Paul Cartledge argues ancient history should be brought in from the cold.
Volume 34 Issue 3 March 1984
Anthony McFarlane looks back to a time when freedom and independence were a common aspiration among American peoples.
In the 1920s and 30s the wireless transformed British politics - particularly at elections - as vote-seeking politicians had to adapt their style to the demands of a mass firesde audience.
David Reynolds looks at the publications charting the American Isolationist policy since 1776.
Brian Manning continues the study of the tumultuous period leading to the English Civil War.
The first of three distinguished historians at the centre of current debates, John Morrill offers his own personal conviction about the nature of the greatest of all political upheavals in our history.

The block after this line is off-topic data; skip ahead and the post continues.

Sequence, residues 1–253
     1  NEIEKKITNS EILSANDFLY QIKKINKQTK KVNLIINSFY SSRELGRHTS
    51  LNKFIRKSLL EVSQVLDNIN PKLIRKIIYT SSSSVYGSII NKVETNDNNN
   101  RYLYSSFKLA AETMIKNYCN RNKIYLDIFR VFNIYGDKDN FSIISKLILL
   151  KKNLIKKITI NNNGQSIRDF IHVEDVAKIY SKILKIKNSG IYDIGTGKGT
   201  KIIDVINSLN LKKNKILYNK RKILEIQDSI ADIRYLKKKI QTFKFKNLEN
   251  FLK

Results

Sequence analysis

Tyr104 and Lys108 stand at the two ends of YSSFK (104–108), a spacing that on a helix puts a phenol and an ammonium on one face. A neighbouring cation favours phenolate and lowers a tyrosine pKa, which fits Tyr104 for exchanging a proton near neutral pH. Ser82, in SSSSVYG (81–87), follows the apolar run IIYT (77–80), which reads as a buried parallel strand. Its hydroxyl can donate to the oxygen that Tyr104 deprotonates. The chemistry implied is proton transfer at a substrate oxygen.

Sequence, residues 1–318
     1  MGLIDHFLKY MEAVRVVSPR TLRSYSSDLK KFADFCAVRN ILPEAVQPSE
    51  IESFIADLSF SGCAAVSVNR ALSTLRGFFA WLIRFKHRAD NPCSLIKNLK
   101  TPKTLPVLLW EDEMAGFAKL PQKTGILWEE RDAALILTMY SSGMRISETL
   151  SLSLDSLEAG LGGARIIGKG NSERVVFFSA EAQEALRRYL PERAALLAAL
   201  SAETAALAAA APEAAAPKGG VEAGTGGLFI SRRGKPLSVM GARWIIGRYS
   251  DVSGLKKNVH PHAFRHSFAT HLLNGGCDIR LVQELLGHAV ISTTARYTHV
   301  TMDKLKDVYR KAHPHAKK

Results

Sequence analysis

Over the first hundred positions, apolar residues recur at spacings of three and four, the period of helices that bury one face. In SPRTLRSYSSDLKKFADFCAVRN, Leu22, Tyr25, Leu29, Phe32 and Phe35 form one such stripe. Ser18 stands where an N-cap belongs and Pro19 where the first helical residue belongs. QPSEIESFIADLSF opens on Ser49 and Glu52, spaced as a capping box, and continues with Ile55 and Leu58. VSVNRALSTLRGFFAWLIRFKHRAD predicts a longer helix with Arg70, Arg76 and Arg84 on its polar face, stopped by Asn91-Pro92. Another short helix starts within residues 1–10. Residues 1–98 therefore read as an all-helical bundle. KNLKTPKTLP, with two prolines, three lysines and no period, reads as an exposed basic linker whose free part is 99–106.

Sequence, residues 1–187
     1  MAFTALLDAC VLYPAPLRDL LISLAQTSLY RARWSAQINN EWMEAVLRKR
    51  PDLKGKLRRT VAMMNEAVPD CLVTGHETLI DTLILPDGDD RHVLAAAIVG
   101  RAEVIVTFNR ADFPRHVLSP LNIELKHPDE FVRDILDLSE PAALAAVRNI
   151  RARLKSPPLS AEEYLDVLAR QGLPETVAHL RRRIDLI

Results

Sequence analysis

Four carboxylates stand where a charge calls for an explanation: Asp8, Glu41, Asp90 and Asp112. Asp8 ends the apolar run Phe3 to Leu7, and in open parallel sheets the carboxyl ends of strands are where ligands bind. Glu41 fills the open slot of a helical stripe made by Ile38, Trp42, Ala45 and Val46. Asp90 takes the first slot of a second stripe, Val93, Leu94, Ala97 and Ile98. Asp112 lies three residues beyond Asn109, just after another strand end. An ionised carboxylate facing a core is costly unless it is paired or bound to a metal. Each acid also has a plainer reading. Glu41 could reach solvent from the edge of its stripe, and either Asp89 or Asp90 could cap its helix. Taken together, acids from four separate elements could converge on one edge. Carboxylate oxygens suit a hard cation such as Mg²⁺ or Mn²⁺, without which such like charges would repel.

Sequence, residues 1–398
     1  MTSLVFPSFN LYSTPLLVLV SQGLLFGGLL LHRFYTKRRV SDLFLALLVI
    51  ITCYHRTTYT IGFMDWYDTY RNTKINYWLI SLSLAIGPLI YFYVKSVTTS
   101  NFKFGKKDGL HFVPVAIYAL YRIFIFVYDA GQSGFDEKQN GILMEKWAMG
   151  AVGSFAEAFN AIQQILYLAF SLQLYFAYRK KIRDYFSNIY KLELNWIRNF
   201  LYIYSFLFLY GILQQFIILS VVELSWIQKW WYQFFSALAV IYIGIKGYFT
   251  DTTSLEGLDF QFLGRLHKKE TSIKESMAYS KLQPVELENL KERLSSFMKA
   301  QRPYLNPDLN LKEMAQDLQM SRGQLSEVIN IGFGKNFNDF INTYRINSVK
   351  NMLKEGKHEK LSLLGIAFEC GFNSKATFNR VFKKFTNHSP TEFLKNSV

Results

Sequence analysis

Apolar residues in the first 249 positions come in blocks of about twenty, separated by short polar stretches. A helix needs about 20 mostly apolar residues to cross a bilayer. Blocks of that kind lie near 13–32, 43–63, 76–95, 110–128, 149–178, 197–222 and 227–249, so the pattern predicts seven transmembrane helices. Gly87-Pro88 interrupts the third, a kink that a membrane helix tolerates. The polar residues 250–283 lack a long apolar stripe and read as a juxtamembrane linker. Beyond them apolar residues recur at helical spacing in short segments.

John Gould argues for the return of national treasures ... while Malcolm McLeod expresses reservations ...
David Underdown looks back to the Tudor age in discussing the upheavals of the mid-17th century.
Lord Elgin 'acquired' more than 170 crates of ancient marbles from Greece. He always maintained that his motive was a disinterested wish to preserve these treasures. But, as John Gould discovered, his letters reveal a rather different story...
Maurice Keen discusses how Heralds' secular, learned expertise developed.